and then as man, and he brought me all he earned. These are sad days for
me, mademoiselle ; other women's sons are coming back to them, but mine
comes not. Yes ; they were all kind. The captain came to see me and the
captain's wife, and they said that Pierre was the best man on the ship, and
the mayor gave me fifty francs ; but that was all. They soon forget, but I
remember always, O ma Dhu ! " Yes, they had property. The little
house with the well at the door was theirs, and the pasture just below it, and
they had a bit of land on the hill that gave all the potatoes they could eat.
But there were no more sons, only a little daughter who had not taken her
first communion ; and they were growing old. " O ma Dhu ! " Marie
repeated the Breton cry of woe in a voice that was weak with tears. I
knew that her grief was no less tender because she lamented the loss of the
boy's earnings. The bread and butter problem is a terrible reality in a land
where a franc a day is counted high wages, and if there are no young hands
to keep the fire burning on the hearth, old age is a haunting terror.
As we talked a woman passed us on her way to the beach. Her figure
was bent, but not so much by years as by toil. Her dress was worn to
shreds and faded a uniform brown, the tint of oak leaves in November. Her
face was bloodless, and she looked like a hunted thing. Marie gave her
THE WELLE SLEY MAGAZINE. 245
good-day in Breton as she hurried by, and said in answer to my question :
" She is a mendicant. She has no home, for her people are dead long ago.
She gathers kelp on the beach and carries it to the farmers on the hill.
They use it to enrich the fields, and so she earns a few sous against the long
winter. Yes ; people do what they can for her, but we are all poor. The
best of the Islandais can do no more than keep bread in the children's
mouths ; and when the husband is lost at sea, there is nothing left. Yes,
people are kind, but they soon forget, O ma Dhu ! "
"Ah, godmother, here you are!" said a fresh young voice. "I've
come down to gossip with you while I wait for Jean. He has gone off to
the ship this afternoon to fetch home his belongings. He'll soon be in."
She was a robust young woman, with a wholesome, happy face, not a whit
less comely for its ruddy coat of tan. She was knitting, of course, — all
Breton Women knit when there is nothing more urgent to be done, — and her
dress was old, almost shabby ; but she was an enviable creature, so strong,
so glad, so serenely confident of joy.
"The Bettina came in yesterday with her husband safe and sound,"
said Marie to me. " He has scored a higher catch than any other man on
board, and will be well paid. You do not care how many other men go
down, eh, goddaughter?"
The younger woman shrugged her shoulders. She was evidently a little
restless under the godmother's persistent grief for Pierre ; but she said
gently, " You know that I did what I could for Louise Mai." They talked
together in Breton a few minutes, and then explained to me, "Louise's
husband was lost last March, and she is left with two little children, and not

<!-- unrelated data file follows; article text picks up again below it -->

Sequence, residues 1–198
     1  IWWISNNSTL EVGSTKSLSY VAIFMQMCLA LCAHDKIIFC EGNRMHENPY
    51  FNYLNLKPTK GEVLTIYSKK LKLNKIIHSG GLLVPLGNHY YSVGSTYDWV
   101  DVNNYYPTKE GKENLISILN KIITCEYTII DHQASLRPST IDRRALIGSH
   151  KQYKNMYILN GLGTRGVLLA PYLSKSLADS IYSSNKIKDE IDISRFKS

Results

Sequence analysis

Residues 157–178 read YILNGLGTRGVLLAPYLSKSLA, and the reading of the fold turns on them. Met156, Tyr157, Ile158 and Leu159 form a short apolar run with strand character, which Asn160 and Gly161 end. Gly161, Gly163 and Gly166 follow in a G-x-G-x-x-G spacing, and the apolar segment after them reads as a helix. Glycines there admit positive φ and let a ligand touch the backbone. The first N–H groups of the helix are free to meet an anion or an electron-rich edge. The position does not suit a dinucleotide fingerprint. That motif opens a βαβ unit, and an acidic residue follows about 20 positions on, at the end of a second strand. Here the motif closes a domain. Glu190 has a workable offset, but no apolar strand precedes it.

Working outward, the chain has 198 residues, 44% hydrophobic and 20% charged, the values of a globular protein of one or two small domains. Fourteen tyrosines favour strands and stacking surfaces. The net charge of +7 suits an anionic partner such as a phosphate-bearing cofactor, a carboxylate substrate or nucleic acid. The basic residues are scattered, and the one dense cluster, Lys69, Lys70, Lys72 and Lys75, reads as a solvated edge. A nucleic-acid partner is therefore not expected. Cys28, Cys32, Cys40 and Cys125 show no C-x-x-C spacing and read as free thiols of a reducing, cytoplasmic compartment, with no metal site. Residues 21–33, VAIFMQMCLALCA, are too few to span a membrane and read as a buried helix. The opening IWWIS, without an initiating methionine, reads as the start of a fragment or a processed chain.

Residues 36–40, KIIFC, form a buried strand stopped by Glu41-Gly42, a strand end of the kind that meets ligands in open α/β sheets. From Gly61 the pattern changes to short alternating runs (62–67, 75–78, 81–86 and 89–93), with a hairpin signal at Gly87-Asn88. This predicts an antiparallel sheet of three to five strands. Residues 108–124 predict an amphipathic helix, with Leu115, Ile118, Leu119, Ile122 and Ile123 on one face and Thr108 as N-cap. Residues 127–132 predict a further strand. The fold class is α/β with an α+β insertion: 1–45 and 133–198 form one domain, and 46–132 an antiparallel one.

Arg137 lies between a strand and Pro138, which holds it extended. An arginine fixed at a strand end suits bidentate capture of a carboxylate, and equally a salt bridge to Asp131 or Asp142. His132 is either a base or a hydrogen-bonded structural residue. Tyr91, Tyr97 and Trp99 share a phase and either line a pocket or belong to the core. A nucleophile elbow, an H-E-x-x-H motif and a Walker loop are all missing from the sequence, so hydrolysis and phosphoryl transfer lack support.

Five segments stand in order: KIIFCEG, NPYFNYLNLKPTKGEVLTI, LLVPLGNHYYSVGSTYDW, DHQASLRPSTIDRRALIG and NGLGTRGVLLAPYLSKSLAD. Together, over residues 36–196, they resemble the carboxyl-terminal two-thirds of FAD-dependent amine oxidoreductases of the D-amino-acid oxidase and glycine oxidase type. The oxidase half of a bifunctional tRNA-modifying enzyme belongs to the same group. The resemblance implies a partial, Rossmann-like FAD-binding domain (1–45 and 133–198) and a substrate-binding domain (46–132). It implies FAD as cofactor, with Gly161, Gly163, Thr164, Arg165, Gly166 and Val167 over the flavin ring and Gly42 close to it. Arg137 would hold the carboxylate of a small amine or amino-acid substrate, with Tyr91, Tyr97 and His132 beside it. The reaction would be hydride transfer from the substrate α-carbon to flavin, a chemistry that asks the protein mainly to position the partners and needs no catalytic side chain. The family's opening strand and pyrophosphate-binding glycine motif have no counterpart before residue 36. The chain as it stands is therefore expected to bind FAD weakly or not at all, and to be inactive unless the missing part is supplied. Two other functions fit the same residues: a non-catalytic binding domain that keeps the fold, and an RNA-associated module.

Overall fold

even the house she lives in her own." Suddenly the young wife rose, and
shading her eyes with her hand, looked off toward the ship. " They are
coming," and she pointed out a dory that was being rowed rapidly in by two
stout fellows in blue jerseys. " Jean is the one with the straw hat. Yves
Kerric wears his old berret." " Yves has no good wife to look after him,"
said the godmother, smiling ; " Jean is a lucky fellow."
Surely, thought I, this is Gaud. The wives of the Islandais are not
wont to be so comely, so secure, so self-possessed. This must be the
daughter of the Paimpol shipowner. Pierre Loti has deceived us. Yann
Gaos did not sink with that cry of horror into the embrace of his phantom
246 THE WELLESLEY MAGAZINE.
bride, the sea. He is alive, and has come home from the long cruise to
rebuild the little cottage and make glad the hearts of Gaud and the
By this time the men had come ashore, and were scrambling up the
rocks with their nondescript burden, — a small wooden trunk, a rough great-
coat, a pair of heavy boots, and a bundle of salt cod. They were fine
fellows, both of them, alert and muscular, and they moved in the free,
unhurried fashion that betokens undaunted strength. Having got up to us
they doffed their caps, but turned suddenly shy, — they were so unwonted
to terra firma and womankind, and, moreover, I was a stranger. A little
piqued by her husband's lack of manners, Gaud, without a word of greeting,
turned to me and began to explain how the fish were caught and cured.
Jean's indignation overmastered his embarrassment. "Hast thou no thought
for me?" he said, and the honest gray eyes were full of hot protest. Gaud's
eyes fell, and she faltered, " I did not see thee." This patent falsehood
Jean punished by flipping the water from his wet hands over her fresh cap.
She fled, laughing, to the house, and he followed after, calling to poor wife-
less Yves to bring on the stuff. Marie shrugged her shoulders. "Young
things are thoughtless," she said. "They do not mean to be rude." But
she, too, hurried away, intent on getting a supper worthy the home-
I sat alone, looking off to sea. A sail had come in sight — other
Islandais returning to gladden other homes. The tide was rising, and the
shrimp fishers were hurrying in. They sang one of the weird Breton folk-
songs as they trudged up the wet sands. The minor cadence rose and fell
with the waves. Something stirred brown among the dank, brown rocks at
the water's edge. It was " the mendicant," lifting herself under her burden,
a great bag full of kelp. She, too, came up the rough beach, slowly and